The NCRI’s communications regarding this situation have also accused President Hassan Rouhani of being a party to it, in contrast to some Western analysts’ expectations that Rouhani would help to bring reformists to the forefront of Iranian politics, thereby heralding prospects for change. The NCRI’s criticisms were arguably underscored on Tuesday when Reuters reported that the Iranian president had spoken optimistically about the process, saying, “There should be no doubts in anyone’s mind about these elections, and we must all work actively towards that.”

These remarks appear to be encouraging the Iranian people to participate in the elections, even though their views may not be represented. This in turn could have the effect of helping the regime to portray those elections as a democratic outlet for the voice of the people, despite the relative absence of free choice.

As those elections approach, a number of critics of the Iranian regime are coming forward to publicly dismiss lingering expectations that a trend toward moderation or reform might emerge in the wake of the nuclear agreement and the ostensibly discord between factions affiliated with Rouhani and with Supreme Leader Ali Khamenei. 

This sentiment was expressed for instance, by an editorial that appeared at Ground Report on Tuesday and insisted that “reform has proven impossible” in Iran, largely because any disagreements between figures like Rouhani and Khamenei are only over the tactics for how to achieve the same revolutionary aims of the Islamic Republic.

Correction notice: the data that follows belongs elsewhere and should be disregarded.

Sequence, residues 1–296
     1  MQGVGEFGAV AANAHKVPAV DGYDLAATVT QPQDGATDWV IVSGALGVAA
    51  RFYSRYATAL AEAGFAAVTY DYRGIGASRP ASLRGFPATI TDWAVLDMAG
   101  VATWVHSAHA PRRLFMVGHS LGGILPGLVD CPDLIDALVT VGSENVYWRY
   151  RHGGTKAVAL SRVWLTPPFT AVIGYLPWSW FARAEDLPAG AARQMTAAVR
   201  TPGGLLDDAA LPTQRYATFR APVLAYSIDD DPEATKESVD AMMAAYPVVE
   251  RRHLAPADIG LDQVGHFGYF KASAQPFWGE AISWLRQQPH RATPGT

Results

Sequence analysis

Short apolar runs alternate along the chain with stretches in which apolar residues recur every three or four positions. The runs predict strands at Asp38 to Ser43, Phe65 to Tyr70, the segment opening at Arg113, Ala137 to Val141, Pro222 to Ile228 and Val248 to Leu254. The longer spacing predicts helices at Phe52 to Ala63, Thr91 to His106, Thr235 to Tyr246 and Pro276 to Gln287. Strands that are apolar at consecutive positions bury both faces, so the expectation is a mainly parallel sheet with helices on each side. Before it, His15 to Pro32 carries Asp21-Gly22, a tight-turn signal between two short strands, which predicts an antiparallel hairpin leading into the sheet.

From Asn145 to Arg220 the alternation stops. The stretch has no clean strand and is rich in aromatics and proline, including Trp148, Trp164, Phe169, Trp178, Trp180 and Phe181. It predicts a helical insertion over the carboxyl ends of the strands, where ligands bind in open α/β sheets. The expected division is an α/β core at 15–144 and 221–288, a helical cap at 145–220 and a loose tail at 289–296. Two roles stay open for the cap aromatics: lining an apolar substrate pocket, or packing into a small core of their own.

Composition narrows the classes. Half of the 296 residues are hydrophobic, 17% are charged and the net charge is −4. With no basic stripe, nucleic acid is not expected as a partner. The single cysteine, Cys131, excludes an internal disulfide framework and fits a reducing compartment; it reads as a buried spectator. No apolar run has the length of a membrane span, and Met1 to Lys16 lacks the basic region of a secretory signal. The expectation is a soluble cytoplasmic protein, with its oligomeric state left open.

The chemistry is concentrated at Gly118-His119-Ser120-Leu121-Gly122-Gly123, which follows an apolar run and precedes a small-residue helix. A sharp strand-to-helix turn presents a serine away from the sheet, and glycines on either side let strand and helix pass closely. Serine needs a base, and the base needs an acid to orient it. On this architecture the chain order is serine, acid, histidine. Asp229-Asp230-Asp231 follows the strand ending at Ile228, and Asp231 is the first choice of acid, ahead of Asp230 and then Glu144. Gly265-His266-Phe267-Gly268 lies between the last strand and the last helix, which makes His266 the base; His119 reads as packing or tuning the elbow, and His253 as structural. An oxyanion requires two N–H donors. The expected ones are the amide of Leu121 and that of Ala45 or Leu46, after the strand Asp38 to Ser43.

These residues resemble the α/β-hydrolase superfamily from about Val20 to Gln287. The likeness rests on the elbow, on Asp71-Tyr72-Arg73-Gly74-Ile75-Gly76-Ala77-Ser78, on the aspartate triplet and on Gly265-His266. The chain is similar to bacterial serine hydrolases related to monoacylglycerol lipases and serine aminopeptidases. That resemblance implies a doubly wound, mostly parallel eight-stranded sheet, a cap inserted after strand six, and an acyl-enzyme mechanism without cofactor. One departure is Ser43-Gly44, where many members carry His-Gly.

This dismissal of the portrait of Rouhani as a relative moderate is supported with reference to his domestic record during his two and a half years as president. Critics are keen to point out that that record includes a significant increase in the number of executions, totaling to nearly 2,300 since he took office in the summer of 2013. The same critics have tended to highlight a conservative crackdown that became particularly apparent in November when several journalists with innocuous connections to the West were arrested or summoned for questioning.

 In addition to journalists, the regime has been aggressively targeting artists, filmmakers and poets. Two prominent poets who had been sentenced to multiple-year prison terms and 99 lashes each, famously fled the country last month. But others remain under duress, either in prison or under threat of imprisonment for vague political charges related to supposedly un-Islamic cultural expressions.

The Human Rights Activists News Agency points out, for instance, that the poet Mohammad Mahdavifar was recently sentenced to a year and a half in prison for the crime of “spreading false news.” 

In the aftermath of the July 14 nuclear agreement, Supreme Leader Khamenei warned his subordinates against economic, political, and cultural “infiltration” by the West. Crackdowns on both Iranian cultural expressions and political participation may be reactions to this.